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Someone sitting down wearing jeans and a blue and white striped top, overlaid by white text saying Seed Heritage with a highlighted sad face emoji beneath it.
28 Jun
Someone sitting down wearing jeans and a blue and white striped top, overlaid by white text saying Seed Heritage with a highlighted sad face emoji beneath it.

How Ethical Is Seed Heritage?

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Australian brand Seed Heritage has garnered a loyal following over the years, but it rates “Not Good Enough” for people, the planet, and animals. This article is based on the Seed Heritage rating published in January 2019.

How ethical is Seed Heritage?

Established in 2000, Seed Heritage began as a childrenswear boutique before expanding to teen and womenswear later on.

The Australian brand has grown rapidly over the years and has garnered a loyal following thanks to its network of more than 200 stores in Australia, New Zealand, Hong Kong and Singapore. Swedish digital influencer Fredrika Akander was even seen wearing head-to-toe Seed Heritage at this year’s Virgin Australia Melbourne Fashion Festival, and she is regularly featured on the brand’s Instagram page.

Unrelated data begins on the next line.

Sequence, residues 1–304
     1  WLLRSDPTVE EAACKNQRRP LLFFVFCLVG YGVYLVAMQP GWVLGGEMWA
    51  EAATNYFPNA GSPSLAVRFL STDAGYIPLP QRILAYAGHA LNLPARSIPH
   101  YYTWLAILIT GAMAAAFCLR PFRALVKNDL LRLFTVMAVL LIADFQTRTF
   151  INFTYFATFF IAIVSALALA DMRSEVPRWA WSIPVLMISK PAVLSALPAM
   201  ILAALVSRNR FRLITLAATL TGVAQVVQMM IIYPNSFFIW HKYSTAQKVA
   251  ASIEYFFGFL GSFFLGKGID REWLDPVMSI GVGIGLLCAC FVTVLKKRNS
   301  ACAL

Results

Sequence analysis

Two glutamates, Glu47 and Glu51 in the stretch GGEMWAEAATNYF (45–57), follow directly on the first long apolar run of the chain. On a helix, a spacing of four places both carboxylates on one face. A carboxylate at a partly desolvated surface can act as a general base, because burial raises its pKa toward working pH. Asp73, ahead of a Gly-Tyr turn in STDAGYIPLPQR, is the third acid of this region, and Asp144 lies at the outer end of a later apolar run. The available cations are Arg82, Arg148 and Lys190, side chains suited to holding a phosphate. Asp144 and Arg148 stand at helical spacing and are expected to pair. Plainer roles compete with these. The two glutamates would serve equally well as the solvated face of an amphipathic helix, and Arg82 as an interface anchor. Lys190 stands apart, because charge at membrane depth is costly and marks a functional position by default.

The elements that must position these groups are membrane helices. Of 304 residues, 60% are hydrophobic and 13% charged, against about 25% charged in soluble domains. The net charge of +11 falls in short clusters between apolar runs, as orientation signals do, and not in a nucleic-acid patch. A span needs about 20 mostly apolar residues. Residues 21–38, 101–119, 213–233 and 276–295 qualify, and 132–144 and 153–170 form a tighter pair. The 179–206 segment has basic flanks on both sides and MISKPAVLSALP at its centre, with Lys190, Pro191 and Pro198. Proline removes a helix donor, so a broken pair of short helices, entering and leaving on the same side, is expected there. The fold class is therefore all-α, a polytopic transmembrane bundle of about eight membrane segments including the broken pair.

Seed Heritage prides itself on making exceptionally designed pieces that are built to last, and says it is “committed to the safe and ethical manufacture, sourcing and supply of goods and services”. But what does that actually mean? How ethical is Seed Heritage? The Good On You team has done the work for you — here is the low-down on the brand’s ethical and sustainable practices.

Environmental Impact

Seed Heritage doesn’t publish sufficient relevant information about its environmental policies, which is why its environmental rating is “Very Poor”. The brand states “As part of Seed Heritage’s dedication to the environment, all suppliers must work to minimise any negative impact on the environment. All relevant national and international environmental legislation must be adhered to in all manufacturing processes in the supply chain. All dyeing, printing and finishing operations should conform to the Seed Heritage Environmental Code of Practice, which is continually revised and updated.” This isn’t enough for us to give the brand a higher rating.

As consumers, we have the right to know how Seed Heritage’s production practices impact the environment.

Labour Conditions

Based on the 2018 Ethical Fashion Report, we gave Seed Heritage a “Not Good Enough” rating for its labour conditions. It has no worker empowerment initiatives such as collective bargaining or rights to make a complaint. What’s more, the brand traces only some of its supply chain, does not publicly list its suppliers, and only audits a small proportion of its traced facilities. Seed Heritage has a Code of Conduct that covers all of the ILO principles, however it has made little to no progress towards ensuring payment of a living wage.

Animal Welfare